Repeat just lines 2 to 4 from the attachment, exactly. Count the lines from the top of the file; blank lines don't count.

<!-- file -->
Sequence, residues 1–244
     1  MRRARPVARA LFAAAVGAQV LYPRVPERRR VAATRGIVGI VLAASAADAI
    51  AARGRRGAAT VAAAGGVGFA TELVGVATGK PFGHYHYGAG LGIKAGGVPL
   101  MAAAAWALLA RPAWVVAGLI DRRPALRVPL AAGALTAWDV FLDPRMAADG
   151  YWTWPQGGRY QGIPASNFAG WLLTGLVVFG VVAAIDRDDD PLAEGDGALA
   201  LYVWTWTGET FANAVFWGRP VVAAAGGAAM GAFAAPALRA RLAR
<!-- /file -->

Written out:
     1  MRRARPVARA LFAAAVGAQV LYPRVPERRR VAATRGIVGI VLAASAADAI
    51  AARGRRGAAT VAAAGGVGFA TELVGVATGK PFGHYHYGAG LGIKAGGVPL
   101  MAAAAWALLA RPAWVVAGLI DRRPALRVPL AAGALTAWDV FLDPRMAADG